May update

The apartment management made me take down all of my railing planters but things are still doing great!

   
Phacelia bolanderi covered in caterpillar poop  

 Ollalieberries 

 Baby blue eyes 

 Manzanita 

 Cream cups 

Cobweb thistle

Going back to my earlier post, you can find a great variety of California native plant starters online (and at some hardware stores) through Annie’s Annuals and seeds through the Theodore Payne foundation. 

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California natives!

Because of this terrible drought, I’ve let most of my veggie garden go and converted to low water California natives. It’s actually really lovely because I’ve chosen a lot of flowering plants that attract wildlife and have beautiful blooms all year long! We live near a marsh teeming with local birds and insects that appreciate the variety.


I’ll write a little more about the species and where to find them in another ppst, but here are a few preview pics. Enjoy!







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Garden update: mid-April

The plants are going bananas. I can’t keep up!  Unfortunately I’m super busy at school now too and don’t have a lot of time to tend to everything!

The South balcony is an absolute mess right now. I’ve still got to repot most of my bell peppers, one tomato, pull out last year’s chard, nd find room for everthing else.

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The yellow pear tomato’s stalk is as thick as my finger. It’s going to be a huge plant!

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Just got our first female cucumber flowers, which I tried to hand pollinate:

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Strawberries:

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Nasturtiums are *everywhere* and my mesclun greens are growing fast. Time for salad!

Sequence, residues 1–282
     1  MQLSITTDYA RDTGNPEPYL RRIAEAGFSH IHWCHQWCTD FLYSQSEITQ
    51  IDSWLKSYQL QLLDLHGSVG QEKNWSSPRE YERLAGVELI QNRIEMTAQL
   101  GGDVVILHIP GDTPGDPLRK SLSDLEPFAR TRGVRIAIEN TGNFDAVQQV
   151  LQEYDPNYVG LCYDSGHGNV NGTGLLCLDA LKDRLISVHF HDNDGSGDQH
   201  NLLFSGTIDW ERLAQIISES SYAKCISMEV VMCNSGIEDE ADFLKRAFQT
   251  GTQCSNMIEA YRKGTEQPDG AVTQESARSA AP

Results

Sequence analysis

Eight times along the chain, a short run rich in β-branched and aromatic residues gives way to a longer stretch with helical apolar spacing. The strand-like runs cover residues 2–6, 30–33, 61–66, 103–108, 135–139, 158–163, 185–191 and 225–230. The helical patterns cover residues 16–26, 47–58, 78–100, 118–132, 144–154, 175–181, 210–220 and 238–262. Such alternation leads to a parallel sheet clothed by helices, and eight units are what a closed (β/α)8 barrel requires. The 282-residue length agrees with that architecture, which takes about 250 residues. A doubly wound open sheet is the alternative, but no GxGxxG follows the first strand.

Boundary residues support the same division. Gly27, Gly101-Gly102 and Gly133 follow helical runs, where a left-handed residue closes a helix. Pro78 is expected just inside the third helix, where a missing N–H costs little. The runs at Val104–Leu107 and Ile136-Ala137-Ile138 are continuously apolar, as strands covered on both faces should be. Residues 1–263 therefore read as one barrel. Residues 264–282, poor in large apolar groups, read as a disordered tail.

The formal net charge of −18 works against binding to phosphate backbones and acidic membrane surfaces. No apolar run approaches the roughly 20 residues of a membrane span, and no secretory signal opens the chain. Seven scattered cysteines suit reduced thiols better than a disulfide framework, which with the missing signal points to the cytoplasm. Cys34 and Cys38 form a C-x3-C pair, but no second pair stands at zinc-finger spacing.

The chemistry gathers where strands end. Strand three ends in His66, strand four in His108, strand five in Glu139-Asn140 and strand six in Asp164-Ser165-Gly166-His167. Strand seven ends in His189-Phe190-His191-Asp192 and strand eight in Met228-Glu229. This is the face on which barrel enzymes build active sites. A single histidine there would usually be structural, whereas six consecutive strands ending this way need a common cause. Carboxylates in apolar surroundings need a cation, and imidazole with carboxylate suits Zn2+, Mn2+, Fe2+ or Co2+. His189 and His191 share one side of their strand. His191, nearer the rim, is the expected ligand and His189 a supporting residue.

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The crabapple tree has lost most of its flowers and is dripping with baby fruits. Can’t wait till they ripen!! I’ve heard for a healthier harvest to thin or the fruit but I’m not sure if I’ll try that.

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The flowers on the olive tree finally bloomed and it’s covered in pollen.  How cool would it be to get olives this year?!

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The yarrow I planted from seed is growing really slowly. It’s still covered in bird netting because it’s so delicate. Hurry up already!

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Pole beans are growing several inches per day. I’m trying to train them up this pole:

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And, I think I have tomato blight? I’ve never seen this before but I bought some copper fungicidal spray that will hopefully clear it up. My parsley is plagued by powdery mildew so I hope to take care of that as well.

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And finally, a view from outside. Looking good!
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Garden update: end of March

Everything is getting pretty lush! Got all the tomatoes hanging now.

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Set up a little privacy wall of plants:

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Giant parsley: